PM: I know. But it’s also a question of getting Brexit done by October 31. And doing it in a way that protects the unity and integrity of the United Kingdom. And we are entitled to protect our customs union, and we are entitled to exit as a sovereign state. And, and we can do it in such a way as to preserve the, as I said, all those benefits that Ireland has. So with great, with great respect to, to all those who are currently anxious about it, and particularly in in Ireland, we do think that our proposals are good and creative. But but I accept also, Laura, that, you know, there may be hard yards ahead.
LK: And if we end up, contrary to what you desire, still in the European Union after October 31, you said that the UK would be truculent, suggesting that somehow we would not be a co-operative friend and partner to the EU. What would you do, play rough?
PM: Well… (sighs) I… it goes without saying that the UK would be held against the will of its government and indeed against the will of the of the people of the UK who’d voted to leave. And I think that would be a very unhappy and unfortunate situation. I don’t think that is where our EU friends and partners want us to be. So I’m hopeful that we’ll get a deal. I’m sorry to sound hopeful. But I think I feel, I’m sorry, if you think that hope is not called for these circumstances. But I do think there is a good chance, gonna put it no higher than that, but a good chance of getting a deal. And we’re going to work very hard to do that.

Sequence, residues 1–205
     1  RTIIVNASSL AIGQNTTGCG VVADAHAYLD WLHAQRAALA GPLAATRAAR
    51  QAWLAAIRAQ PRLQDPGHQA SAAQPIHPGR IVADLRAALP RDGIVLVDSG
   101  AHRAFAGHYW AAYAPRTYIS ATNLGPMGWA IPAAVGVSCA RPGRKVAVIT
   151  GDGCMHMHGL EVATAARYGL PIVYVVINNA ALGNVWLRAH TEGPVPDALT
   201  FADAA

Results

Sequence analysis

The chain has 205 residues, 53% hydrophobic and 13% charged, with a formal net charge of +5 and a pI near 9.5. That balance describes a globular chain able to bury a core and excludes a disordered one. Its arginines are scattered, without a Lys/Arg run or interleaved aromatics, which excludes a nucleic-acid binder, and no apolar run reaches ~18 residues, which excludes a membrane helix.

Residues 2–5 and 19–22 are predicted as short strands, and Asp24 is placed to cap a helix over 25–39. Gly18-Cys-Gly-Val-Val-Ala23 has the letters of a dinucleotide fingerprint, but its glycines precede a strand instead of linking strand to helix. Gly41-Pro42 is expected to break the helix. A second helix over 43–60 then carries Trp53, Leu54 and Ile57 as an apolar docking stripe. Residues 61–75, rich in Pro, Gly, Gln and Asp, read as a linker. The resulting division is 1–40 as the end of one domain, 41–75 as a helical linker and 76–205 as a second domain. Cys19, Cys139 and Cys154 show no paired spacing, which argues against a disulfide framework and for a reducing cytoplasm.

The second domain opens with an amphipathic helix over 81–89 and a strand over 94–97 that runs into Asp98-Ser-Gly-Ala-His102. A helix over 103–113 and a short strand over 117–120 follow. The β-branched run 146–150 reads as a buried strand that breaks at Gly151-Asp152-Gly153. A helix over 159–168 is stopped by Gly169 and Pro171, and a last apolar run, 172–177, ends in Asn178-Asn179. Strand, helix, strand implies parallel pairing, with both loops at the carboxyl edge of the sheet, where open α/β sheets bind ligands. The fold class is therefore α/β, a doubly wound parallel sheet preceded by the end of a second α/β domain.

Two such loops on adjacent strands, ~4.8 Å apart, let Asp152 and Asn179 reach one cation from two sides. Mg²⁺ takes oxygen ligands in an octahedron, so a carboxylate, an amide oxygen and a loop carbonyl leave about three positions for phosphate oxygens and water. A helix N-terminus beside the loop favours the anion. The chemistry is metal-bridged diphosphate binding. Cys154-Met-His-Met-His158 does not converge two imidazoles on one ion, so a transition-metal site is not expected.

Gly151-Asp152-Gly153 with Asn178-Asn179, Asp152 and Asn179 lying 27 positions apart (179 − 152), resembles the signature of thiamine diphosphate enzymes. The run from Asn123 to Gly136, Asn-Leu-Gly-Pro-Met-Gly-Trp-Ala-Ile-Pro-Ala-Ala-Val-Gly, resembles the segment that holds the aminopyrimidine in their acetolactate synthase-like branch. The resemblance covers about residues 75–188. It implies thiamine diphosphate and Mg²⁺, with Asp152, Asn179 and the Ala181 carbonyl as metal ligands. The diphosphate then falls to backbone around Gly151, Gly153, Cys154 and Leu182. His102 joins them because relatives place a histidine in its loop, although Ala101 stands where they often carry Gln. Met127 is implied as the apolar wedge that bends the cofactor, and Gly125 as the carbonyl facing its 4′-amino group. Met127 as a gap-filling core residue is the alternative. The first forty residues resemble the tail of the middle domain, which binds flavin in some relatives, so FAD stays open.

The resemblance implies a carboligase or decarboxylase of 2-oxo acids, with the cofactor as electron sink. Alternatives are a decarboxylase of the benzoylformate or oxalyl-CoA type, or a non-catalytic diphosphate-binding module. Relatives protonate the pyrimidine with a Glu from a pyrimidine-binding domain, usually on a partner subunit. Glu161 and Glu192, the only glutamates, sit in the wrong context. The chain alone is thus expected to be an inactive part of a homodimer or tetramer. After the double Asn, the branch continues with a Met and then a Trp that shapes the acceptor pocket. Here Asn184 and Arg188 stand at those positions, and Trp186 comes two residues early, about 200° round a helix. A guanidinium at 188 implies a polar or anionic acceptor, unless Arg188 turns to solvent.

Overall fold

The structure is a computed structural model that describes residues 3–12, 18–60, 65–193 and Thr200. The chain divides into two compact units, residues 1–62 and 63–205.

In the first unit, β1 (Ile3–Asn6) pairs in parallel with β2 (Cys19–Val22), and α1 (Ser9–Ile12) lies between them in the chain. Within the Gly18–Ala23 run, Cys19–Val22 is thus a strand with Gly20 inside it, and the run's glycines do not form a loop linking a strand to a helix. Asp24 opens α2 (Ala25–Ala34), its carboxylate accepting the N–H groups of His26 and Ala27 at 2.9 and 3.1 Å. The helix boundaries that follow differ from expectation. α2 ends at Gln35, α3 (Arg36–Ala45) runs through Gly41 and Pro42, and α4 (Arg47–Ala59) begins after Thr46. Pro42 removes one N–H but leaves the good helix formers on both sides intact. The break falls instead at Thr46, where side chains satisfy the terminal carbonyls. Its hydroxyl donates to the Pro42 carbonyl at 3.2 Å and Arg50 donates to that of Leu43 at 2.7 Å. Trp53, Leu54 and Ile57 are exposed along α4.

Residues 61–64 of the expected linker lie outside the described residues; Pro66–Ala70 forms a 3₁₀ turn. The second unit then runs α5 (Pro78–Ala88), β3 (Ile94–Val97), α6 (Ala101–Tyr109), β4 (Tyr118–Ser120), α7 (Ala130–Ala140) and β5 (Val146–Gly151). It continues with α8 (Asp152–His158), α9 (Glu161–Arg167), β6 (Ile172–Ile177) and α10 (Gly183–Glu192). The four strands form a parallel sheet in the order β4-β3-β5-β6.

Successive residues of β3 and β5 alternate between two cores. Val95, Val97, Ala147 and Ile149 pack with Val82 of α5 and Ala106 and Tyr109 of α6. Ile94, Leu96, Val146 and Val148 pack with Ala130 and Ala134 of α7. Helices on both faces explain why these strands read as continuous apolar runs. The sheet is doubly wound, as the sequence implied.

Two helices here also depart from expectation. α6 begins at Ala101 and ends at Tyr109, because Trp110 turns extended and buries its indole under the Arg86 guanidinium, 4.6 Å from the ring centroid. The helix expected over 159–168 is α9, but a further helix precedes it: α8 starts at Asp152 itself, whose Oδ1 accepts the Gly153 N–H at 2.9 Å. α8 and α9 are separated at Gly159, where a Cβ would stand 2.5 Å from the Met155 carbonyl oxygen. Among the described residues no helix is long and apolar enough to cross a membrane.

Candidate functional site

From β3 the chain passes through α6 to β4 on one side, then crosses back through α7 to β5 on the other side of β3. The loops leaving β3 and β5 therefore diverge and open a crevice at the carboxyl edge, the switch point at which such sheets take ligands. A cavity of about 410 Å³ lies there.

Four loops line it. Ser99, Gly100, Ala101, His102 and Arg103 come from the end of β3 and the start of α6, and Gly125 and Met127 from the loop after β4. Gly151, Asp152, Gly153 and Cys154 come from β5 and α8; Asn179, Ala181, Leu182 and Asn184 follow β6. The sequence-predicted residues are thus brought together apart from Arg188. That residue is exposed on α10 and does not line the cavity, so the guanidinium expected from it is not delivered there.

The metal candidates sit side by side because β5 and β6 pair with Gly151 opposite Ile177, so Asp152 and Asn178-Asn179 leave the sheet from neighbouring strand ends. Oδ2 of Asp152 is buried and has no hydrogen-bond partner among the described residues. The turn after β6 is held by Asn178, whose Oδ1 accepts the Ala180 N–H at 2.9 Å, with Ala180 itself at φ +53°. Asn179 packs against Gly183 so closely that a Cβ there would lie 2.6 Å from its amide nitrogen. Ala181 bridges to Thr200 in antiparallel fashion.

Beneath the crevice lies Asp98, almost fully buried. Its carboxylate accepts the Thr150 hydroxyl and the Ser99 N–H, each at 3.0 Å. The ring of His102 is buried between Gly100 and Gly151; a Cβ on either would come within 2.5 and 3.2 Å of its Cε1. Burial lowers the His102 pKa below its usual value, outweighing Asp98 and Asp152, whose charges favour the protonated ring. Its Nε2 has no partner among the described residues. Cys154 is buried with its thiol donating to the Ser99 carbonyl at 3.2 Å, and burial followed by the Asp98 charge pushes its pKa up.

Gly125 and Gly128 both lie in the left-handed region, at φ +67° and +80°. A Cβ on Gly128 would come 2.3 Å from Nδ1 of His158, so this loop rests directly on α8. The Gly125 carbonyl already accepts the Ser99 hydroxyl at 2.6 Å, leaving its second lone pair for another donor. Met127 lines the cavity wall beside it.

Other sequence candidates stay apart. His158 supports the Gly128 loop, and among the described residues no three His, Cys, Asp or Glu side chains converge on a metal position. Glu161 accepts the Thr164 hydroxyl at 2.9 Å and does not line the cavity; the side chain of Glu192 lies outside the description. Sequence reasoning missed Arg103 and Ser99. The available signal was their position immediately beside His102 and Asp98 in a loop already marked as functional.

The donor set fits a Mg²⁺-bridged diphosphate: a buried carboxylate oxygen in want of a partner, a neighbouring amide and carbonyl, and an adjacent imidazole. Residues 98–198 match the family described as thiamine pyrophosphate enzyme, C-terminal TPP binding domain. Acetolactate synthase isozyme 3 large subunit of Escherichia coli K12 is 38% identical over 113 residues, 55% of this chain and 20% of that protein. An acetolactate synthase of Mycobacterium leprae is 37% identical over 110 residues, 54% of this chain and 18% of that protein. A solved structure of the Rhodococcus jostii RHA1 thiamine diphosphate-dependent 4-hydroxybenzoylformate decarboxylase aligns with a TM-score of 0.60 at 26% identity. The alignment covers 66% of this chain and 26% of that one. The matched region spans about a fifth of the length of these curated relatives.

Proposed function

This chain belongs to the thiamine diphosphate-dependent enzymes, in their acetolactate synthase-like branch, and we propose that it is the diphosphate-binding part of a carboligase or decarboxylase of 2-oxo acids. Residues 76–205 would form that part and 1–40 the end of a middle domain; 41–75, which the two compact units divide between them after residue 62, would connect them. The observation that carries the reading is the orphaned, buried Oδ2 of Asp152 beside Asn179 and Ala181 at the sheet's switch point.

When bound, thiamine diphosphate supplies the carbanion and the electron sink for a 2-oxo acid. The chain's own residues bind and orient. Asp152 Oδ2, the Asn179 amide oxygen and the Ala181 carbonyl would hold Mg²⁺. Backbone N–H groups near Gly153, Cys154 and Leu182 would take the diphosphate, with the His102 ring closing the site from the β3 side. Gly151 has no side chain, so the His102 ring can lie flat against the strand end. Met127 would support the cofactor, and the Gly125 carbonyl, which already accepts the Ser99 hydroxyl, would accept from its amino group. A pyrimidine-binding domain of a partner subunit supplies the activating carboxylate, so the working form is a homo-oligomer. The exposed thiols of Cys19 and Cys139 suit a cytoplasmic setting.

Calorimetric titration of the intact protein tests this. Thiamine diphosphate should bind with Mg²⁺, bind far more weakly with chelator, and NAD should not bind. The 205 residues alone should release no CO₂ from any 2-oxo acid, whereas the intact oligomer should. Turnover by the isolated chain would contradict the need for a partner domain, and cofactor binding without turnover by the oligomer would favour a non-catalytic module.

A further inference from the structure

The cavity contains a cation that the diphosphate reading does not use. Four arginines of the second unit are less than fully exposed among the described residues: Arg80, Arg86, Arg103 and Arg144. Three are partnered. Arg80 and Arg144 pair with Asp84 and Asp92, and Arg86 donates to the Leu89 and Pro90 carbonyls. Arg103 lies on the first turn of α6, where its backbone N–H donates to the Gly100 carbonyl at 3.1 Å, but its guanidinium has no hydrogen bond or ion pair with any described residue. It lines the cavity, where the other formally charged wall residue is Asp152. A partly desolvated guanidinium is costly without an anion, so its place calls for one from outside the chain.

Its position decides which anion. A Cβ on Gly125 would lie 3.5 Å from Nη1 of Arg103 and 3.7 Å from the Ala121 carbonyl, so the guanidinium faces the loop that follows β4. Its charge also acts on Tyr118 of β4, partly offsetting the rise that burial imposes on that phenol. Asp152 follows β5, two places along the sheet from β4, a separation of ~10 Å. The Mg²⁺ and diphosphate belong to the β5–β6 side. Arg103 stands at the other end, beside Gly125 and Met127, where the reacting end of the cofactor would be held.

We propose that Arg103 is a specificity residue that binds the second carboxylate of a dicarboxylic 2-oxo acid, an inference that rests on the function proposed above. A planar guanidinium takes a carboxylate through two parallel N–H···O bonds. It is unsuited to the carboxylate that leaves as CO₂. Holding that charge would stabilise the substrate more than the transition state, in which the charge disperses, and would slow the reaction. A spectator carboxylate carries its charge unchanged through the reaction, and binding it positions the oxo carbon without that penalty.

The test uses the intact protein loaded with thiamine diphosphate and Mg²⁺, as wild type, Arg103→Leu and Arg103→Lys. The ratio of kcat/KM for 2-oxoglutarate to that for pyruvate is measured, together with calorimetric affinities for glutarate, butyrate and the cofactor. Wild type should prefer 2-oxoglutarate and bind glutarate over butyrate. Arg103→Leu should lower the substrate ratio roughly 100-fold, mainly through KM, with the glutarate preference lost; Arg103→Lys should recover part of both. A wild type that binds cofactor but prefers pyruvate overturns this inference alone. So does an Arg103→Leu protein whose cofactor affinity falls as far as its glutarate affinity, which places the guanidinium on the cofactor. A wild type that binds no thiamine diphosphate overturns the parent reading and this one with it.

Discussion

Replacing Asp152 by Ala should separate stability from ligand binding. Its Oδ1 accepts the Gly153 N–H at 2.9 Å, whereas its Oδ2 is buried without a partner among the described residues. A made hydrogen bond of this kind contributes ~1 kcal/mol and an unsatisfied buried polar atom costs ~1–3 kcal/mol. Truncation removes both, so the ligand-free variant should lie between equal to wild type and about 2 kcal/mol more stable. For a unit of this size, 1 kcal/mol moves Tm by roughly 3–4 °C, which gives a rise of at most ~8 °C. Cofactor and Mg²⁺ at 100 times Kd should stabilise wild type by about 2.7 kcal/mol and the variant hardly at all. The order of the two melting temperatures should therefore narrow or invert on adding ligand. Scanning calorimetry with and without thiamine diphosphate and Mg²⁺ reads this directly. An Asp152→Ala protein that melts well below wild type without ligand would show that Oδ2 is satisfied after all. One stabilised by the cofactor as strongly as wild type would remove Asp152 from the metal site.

LK: Now you have also this week had to deal with allegations about your own behaviour in the past. And yesterday, you denied that you touched a women inappropriately at lunch, she said you did, is she lying?
PM: I don’t want to minimise the importance of this issue or people’s concerns about this kind of thing. But in this case, it is simply not true.